DURHAM COUNTY COUNCIL WIN TEC, SURVEYOR AND EURORAP PASSIVE SAFETY AWARD 2009
A large scale endeavor to save lives through safer roads was recognised at the TEC, Surveyor and EuroRAP Passive Safety Award 2009 at Traffex, held at the Birmingham NEC.
Durham County Council won the award for its commitment to reducing roadside risk, having moved from the use of individual passively safe sign installations to a more holistic approach of passively safe products in conjunction with road design and layout. This attention to detail has been demonstrated in the design and construction of several recent major road schemes where the road alignment design has been revised to reduce the need for road restraint systems and other street furniture allowing the creation of 4.5 metre clear zones. Where infrastructure is required (such as signs) it has been mounted on passively safe products. In the place of columns between junctions, high performance road markings and road studs have been used.
Recent examples of the use of innovative approved passively safe products are two schemes on the A167. Formally a trunk road, the A167 was transferred to Durham County Council as part of the national review of trunk roads in 2003. The lack of a central reserve barrier system on a section of dual carriageway and a number of lamp columns at, or approaching, their 30 year life expiry date were two major areas of concern for road safety.
A167 Crash Barrier Scheme: Following substantial testing, detailed site surveys and computer simulation modeling with barrier providers, Durham found a practical and achievable solution with the installation of a passively safe roadside barrier that allowed for the retention of existing trees and lighting columns. Not only has the barrier proven to be a benefit to road safety, but is also a cheaper option than replacing existing lighting columns and the provision of a standard central reserve barrier.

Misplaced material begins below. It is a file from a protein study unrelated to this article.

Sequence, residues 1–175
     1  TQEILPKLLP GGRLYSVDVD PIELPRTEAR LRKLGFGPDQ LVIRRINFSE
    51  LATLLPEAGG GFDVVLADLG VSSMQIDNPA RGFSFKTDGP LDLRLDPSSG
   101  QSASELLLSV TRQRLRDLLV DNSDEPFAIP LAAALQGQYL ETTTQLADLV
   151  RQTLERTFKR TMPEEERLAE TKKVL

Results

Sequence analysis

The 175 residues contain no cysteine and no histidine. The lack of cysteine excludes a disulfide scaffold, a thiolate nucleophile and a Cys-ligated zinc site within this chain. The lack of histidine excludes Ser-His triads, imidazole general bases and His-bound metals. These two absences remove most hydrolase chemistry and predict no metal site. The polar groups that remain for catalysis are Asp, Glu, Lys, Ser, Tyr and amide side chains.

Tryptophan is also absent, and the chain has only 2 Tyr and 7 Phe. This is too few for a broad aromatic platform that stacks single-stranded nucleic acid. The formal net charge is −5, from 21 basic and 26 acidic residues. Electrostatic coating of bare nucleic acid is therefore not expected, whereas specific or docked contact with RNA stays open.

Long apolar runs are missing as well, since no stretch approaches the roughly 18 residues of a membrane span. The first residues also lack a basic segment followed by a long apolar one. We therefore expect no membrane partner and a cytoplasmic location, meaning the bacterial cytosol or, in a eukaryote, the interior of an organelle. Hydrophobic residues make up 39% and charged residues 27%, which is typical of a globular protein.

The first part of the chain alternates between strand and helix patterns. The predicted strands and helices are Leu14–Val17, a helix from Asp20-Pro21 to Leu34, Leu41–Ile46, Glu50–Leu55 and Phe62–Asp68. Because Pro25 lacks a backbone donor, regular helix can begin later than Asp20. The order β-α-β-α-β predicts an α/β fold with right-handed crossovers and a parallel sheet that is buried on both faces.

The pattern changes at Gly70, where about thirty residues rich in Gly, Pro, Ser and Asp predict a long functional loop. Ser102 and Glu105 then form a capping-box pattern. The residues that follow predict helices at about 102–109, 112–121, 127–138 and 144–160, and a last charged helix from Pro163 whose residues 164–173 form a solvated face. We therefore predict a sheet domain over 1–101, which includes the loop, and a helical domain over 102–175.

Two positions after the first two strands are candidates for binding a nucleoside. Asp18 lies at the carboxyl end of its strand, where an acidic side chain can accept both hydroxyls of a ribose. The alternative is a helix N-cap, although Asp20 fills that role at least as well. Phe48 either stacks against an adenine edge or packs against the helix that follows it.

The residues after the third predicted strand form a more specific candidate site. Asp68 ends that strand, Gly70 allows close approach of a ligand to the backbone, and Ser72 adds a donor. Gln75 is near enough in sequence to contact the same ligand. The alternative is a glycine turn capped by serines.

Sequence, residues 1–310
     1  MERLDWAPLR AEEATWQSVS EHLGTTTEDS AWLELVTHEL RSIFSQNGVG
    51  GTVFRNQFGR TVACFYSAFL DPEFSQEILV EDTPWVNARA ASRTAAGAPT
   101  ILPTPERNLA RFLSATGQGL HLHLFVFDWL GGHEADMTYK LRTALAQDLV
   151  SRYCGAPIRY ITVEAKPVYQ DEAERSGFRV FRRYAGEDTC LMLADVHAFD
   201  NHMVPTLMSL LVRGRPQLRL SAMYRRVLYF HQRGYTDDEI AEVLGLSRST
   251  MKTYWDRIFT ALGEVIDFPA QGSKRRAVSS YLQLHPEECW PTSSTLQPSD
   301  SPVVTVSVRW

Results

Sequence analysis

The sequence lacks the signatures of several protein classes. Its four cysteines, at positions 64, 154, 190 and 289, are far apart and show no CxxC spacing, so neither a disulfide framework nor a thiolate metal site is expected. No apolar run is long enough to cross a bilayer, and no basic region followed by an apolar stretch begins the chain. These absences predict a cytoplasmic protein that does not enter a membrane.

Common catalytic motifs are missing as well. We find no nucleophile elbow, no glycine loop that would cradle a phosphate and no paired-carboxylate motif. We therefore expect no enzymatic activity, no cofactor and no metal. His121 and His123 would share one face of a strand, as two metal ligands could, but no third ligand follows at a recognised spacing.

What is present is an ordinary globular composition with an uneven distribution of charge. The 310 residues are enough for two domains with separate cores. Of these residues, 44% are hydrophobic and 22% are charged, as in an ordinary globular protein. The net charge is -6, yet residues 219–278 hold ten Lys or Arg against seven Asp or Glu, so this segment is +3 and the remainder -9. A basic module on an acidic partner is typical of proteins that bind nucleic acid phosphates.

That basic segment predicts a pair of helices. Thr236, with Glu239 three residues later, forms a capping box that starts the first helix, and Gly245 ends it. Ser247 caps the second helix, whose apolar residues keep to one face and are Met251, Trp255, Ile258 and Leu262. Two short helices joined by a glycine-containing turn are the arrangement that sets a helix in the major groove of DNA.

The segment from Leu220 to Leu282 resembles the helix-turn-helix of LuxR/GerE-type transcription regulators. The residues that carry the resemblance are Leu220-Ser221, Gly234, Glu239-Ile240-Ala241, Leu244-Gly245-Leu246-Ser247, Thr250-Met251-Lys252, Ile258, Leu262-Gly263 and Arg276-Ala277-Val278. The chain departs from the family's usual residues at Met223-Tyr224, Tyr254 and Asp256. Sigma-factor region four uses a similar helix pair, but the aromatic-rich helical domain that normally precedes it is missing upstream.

A167 Lighting Column Scheme: Standard columns with a barrier installation were installed along a section of carriageway offering protection for road users from roadside hazards including large trees, a park wall with a combination of stone walling and decorative steel fencing, and a footbridge. While the solution addressed all concerns for the location, the exception was one large tree, subject to a Tree Preservation Order, too close to the carriageway to meet the requirements of a standard barrier. The solution was the installation of the EN 12767 approved “Treefend”, recently imported to the U.K.
Durham County Council have demonstrated a real energy and enthusiasm for this work and have taken steps to ensure that the resultant policies have buy-in at the highest levels within their authority. They have understood the importance of documenting and recording the success of their efforts so that others may understand and learn from their work. For example, in addition to the usual collision analysis all crashes involving passive safety infrastructure are reviewed and lessons learnt. The Durham team are working alongside the Police to develop a crash reconstruction facility with the objective of assessing the injury severity for passive versus non-passive infrastructure.